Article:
It may not be possible to share publicly some resources, particularly where ethical and cultural sensitivities must be considered. In such cases authors should seek permissions where appropriate. If data cannot be shared, it would be useful to note this constraint in the published article.
Articles should not include sensitive material such as personally identifiable data. In some cases it may not be appropriate to provide exact geographic co-ordinates or other locally identifiable features. De-identified or aggregated data derived from sensitive materials may be appropriate to include, depending on context.
8. Publication ethics
The Journal of Roman Archaeology is published by Cambridge University Press, which is a member of the Committee for Publication Ethics (COPE), whose core practices may be found here.
Authors contributing to the journal are expected to adhere to standards established by the relevant professional bodies, such as the AIA’s Code of Ethics and Code of Professional Standards.
Further information on JRA's publishing ethics policies and how to raise ethical concerns can be found here.
Competing interests declaration
All authors must include a competing interests declaration in their title page. This declaration will be subject to editorial review and may be published in the article. Competing interests are situations that could be perceived to exert an undue influence on the content or publication of an author’s work. They may include, but are not limited to, financial, professional, contractual or personal relationships or situations. If the manuscript has multiple authors, the author submitting must include competing interest declarations relevant to all contributing authors. Example wording for a declaration is as follows: “Competing interests: Author A is employed at company B. Author C owns shares in company D, is on the Board of company E and is a member of organisation F. Author G has received grants from company H.” If no competing interests exist, the declaration should state “Competing interests: The author(s) declare none”.
9. Open Access
JRA is a hybrid journal which means that it can publish Gold Open Access and subscription articles. The journal also has Green OA policy and social sharing policies. Please visit Open Access at Cambridge for information on our Open Access policies, compliance with major finding bodies, and guidelines on depositing your manuscript in an institutional repository.
10. Copyright and permissions
The policy of JRA is that authors (or in some cases their employers) retain copyright and grant Cambridge University Press a licence to publish their work. In the case of Gold Open Access articles this is a non-exclusive licence. Authors must complete and return an author publishing agreement form as soon as their article has been accepted for publication; the journal is unable to publish without this. Please download the appropriate publishing agreement here .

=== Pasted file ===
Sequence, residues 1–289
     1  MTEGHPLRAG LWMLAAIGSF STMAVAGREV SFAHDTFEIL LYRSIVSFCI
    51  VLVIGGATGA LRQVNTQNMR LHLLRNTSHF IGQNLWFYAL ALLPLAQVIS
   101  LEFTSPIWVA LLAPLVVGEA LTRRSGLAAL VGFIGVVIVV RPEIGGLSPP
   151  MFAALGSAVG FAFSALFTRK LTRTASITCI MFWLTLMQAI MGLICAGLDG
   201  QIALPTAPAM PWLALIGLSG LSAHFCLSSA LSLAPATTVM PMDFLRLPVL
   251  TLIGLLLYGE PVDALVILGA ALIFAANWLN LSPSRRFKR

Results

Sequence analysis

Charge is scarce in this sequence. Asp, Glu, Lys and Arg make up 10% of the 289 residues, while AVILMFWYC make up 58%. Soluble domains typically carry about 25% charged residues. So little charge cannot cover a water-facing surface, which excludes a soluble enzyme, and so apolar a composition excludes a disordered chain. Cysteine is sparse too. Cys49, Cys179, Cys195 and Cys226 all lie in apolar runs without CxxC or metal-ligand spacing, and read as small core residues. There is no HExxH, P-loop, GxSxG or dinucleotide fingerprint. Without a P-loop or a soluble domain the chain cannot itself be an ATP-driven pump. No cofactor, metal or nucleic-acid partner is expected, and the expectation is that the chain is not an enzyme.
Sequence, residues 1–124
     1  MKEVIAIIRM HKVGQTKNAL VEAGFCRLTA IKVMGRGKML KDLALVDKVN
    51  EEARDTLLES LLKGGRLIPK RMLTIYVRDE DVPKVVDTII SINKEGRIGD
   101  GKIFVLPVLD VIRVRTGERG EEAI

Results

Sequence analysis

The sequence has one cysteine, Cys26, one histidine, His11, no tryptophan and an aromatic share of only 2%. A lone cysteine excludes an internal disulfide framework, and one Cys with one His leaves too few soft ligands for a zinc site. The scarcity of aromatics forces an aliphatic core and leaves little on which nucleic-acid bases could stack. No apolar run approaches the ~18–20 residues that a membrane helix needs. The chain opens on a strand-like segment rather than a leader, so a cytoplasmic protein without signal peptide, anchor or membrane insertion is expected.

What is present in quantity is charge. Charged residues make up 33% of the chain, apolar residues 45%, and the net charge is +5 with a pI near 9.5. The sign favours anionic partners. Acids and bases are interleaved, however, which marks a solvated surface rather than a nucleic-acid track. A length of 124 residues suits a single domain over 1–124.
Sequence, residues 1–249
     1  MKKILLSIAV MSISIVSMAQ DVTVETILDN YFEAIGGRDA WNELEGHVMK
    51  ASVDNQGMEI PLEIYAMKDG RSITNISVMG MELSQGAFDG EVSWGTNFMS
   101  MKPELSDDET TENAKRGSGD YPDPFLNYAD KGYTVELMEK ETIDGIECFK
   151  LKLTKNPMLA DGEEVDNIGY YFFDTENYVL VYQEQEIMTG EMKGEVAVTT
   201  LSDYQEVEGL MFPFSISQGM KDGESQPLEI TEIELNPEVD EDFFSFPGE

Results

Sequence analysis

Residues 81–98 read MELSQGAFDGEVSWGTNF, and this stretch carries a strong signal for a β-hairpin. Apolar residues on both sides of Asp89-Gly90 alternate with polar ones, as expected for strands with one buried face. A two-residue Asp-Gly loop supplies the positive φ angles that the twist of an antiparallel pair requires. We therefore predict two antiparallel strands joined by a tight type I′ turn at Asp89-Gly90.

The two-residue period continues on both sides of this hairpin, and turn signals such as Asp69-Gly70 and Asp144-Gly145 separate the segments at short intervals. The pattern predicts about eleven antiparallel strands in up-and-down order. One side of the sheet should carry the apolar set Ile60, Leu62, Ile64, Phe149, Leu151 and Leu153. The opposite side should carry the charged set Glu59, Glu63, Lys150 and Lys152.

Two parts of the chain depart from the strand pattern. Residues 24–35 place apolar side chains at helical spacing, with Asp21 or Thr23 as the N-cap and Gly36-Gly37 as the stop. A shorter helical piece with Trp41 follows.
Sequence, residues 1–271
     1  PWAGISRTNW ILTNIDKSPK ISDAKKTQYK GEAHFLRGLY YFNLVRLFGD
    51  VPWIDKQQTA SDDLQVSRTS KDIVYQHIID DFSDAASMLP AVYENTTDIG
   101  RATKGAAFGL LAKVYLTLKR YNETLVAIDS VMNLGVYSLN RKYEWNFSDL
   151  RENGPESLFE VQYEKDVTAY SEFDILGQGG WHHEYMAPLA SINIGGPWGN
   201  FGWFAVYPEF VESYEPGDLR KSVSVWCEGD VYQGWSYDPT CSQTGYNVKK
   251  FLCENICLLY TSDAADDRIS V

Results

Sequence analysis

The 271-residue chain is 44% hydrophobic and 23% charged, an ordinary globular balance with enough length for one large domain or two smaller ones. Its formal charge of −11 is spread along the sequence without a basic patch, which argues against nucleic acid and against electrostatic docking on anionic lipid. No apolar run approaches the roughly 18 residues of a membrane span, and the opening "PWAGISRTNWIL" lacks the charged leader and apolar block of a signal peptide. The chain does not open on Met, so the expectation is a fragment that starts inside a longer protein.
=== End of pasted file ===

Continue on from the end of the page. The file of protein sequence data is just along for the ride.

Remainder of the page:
For open access articles, the form also sets out the Creative Commons licence under which the article is made available to end users: a fundamental principle of open access is that content should not simply be accessible but should also be freely re-usable. Articles will be published under a Creative Commons Attribution licence (CC-BY) by default. This means that the article is freely available to read, copy and redistribute, and can also be adapted (users can “remix, transform, and build upon” the work) for any commercial or non-commercial purpose, as long as proper attribution is given. Authors can, in the publishing agreement form, choose a different kind of Creative Commons licence (including those prohibiting non-commercial and derivative use) if they prefer.
Authors are responsible for obtaining and paying for permission from copyright holders to reproduce any third party materials, including illustrations, tables, figures, or lengthy quotations used in the main article or any accompanying supplementary material. A copy of the paperwork granting permission will be required should the contribution be accepted. Please note that JRA is distributed globally both in print and online; permission must be gained for international, perpetual, digital re-use as well as for print publication.
Information about seeking permissions for third-party materials can be found here .
11. Online Publication and FirstView
JRA uses the FirstView system to publish articles online ahead of the print edition. Once published online no further revisions may be made. Articles published online may be cited by their DOI prior to their assignment to an issue. Articles may not necessarily be published in print in the same order in which they appear online and will be assigned to an appropriate issue at the Editorial Office’s discretion.
12. Digital offprints
Authors of articles will receive a PDF of the final version of their article upon publication. Please note that print offprints are not supplied but are available for purchase upon request.
Please see here for JRA's policy on sharing your work published in the journal.
JRA recommends that all corresponding authors identify themselves using their ORCID iD when submitting a manuscript to the journal. ORCID provides a unique identifier for researchers and, through integration in key research workflows such as manuscript submission and grant applications, provides the following benefits:
- Discoverability: ORCID increases the discoverability of your publications, by enabling smarter publisher systems and by helping readers to reliably find work that you’ve authored.
- Convenience: As more organisations use ORCID, providing your iD or using it to register for services will automatically link activities to your ORCID record, and will enable you to share this information with other systems and platforms you use, saving you re-keying information multiple times.
- Keeping track: Your ORCID record is a neat place to store and (if you choose) share validated information about your research activities and affiliations.
Please see here for further information about ORCID.
Contributors can sign up for an ORCID here .
Last updated August 2021